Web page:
Windows of Astronomy


A laboratory spectroscope is an instrument that spreads out the spectrum of a light source, typically by means of a prism or a diffraction grating.  The idea for such an instrument was developed by the famous glass-worker Joseph Fraunhofer in the second decade of the 19th century.  With his spectrometer he was able to see detail in the solar spectrum that isn’t visible in such naturally occurring phenomena as rainbows, detail that even Isaac Newton had missed during his experiments with prisms.   As later spectroscopists found out, the detail was in the form of dark absorption lines, characteristic of the elements present in the outer layers of the Sun and characteristic of their state of ionisation.  This work opened the window of stellar spectroscopy.

Stellar spectroscopy turns out to be an astonishingly powerful tool.  It achieves what nineteenth century philosophers and indeed non-astronomers thought would be impossible, namely telling what stars are made of.  Through spectroscopy one can deduce the composition of a star, its temperature, the presence on its surface of strong magnetic fields, even its speed of movement towards or away from us and, for very distant objects, their rough distance away.  This list is not exhaustive.  Spectroscopy is in a way the astronomer’s microscope, revealing detail far beyond that accessible to our unaided senses.  One unsung result of spectroscopy is that the stars for as far as we can see, and that is a very long way indeed, are made of the same elements and particles as are found on Earth.  The strangeness of the heavens is the variety of ways these ingredients are organised, making Earth a rather special place.

Solar spectrumSolar spectrum courtesy Wikipedia

Since motion of a star has a small effect on the positions of its spectral lines, binary stars show a well-defined periodic motion of their spectral detail as they orbit each other.  Many binaries ‘give themselves away’ by showing doubled spectroscopic lines even if we don’t see two stars.  This allows the period of their orbit around each other to be deduced, the eccentricity of their orbits and at least the ratio of their masses.  Since the mid-1990s, the same general technique applied to the lines from a single star has been used to detect orbiting planets.  It is the most reliable technique for identifying ‘extra-solar planets’.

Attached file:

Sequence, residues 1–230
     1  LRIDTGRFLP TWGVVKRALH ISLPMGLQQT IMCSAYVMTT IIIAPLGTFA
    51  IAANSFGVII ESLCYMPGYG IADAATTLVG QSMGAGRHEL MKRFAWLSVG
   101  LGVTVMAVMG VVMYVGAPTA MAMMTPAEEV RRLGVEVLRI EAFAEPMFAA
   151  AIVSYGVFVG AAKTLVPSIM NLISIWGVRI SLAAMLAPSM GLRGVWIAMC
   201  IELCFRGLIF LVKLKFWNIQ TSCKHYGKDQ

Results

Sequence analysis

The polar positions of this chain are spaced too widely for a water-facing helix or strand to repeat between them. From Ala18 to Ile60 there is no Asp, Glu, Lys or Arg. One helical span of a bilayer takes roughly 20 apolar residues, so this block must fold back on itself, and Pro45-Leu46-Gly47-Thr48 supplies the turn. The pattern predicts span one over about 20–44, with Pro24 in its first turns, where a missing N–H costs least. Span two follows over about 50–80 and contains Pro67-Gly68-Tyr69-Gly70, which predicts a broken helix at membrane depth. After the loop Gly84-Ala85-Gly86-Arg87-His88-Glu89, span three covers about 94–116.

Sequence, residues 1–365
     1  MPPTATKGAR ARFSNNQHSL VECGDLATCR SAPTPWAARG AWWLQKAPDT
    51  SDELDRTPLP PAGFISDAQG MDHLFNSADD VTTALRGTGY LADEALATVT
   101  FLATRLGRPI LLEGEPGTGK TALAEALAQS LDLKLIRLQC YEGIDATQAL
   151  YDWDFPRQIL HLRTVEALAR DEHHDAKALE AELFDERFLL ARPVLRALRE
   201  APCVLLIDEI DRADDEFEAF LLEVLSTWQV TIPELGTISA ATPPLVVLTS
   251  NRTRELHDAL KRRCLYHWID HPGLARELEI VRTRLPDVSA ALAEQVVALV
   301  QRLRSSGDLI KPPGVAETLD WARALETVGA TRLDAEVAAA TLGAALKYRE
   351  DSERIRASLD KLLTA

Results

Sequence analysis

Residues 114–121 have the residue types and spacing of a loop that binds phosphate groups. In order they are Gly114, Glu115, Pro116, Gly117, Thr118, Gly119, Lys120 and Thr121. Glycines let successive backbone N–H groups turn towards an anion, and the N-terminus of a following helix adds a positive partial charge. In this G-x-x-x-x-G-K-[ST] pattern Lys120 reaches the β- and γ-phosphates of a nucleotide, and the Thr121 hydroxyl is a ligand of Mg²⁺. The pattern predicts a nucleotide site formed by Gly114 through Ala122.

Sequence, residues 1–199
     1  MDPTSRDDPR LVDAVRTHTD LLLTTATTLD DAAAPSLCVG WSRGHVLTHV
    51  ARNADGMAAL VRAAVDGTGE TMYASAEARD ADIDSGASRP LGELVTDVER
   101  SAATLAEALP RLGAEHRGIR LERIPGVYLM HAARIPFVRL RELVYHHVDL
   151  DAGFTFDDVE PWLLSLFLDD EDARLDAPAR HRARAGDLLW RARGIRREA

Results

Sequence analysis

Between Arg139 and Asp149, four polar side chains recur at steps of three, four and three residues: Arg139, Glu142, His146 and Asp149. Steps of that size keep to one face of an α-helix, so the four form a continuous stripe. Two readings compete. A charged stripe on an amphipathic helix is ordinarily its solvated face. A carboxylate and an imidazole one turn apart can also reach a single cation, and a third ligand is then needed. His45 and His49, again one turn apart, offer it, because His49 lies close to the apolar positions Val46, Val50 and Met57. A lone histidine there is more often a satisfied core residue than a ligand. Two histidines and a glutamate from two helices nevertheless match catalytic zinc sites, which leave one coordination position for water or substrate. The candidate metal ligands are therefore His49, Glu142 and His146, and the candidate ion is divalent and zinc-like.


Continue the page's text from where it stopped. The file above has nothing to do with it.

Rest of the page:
There are broadly two spectroscopic techniques, both begun in the nineteenth century.  Placing a large narrow-angle prism in front of the objective lens of a refracting telescope creates a spectrum for every object seen.  Narrow angle prisms don’t have much dispersion so the spectrum does not show fine detail.  Moreover, if many stars appear close together in the image, their spectra will overlap.  Nonetheless, this method provides far more detail than simple observations of the colour of a star and enables stars to be classified into a range of types.  At first the significance of the classification wasn’t apparent but in the twentieth century the classification was shown to be related to their temperature and to the evolution of stars over time.

The second method is to place the spectrometer at the eyepiece end of the telescope and display and record the spectra of individual stars or galaxies.  This can be done with spectrometers that give a much wider spread to the spectrum than objective prisms and hence show more detail.  A development of this technique at the end of the twentieth century was to position fibre-optic receptors at the known position of stars or galaxies in the final image plane.  The fibre-optics transmit the signal to individual channels in a display that records each spectrum digitally.  In the twenty-first century version, many hundreds of spectra are obtained simultaneously as the telescope follows the rotation of one patch of sky and the fibre-optics are then manoeuvred under computer control when a new image is selected.  It is this technique in particular that allows astronomers to plot the large-scale structure of the universe, for each distant galaxy in a field of view reveals how far away it is through the wavelength of its spectral lines.

objective prism spectrumPart of the field given by an objective lens prism.  Colour is not necessary to see the spectral lines.  Because of the spread of light by the prism, only brighter stars in the field show a clear spectrum.

  John S. ReidTelescopesWindowsPhotography

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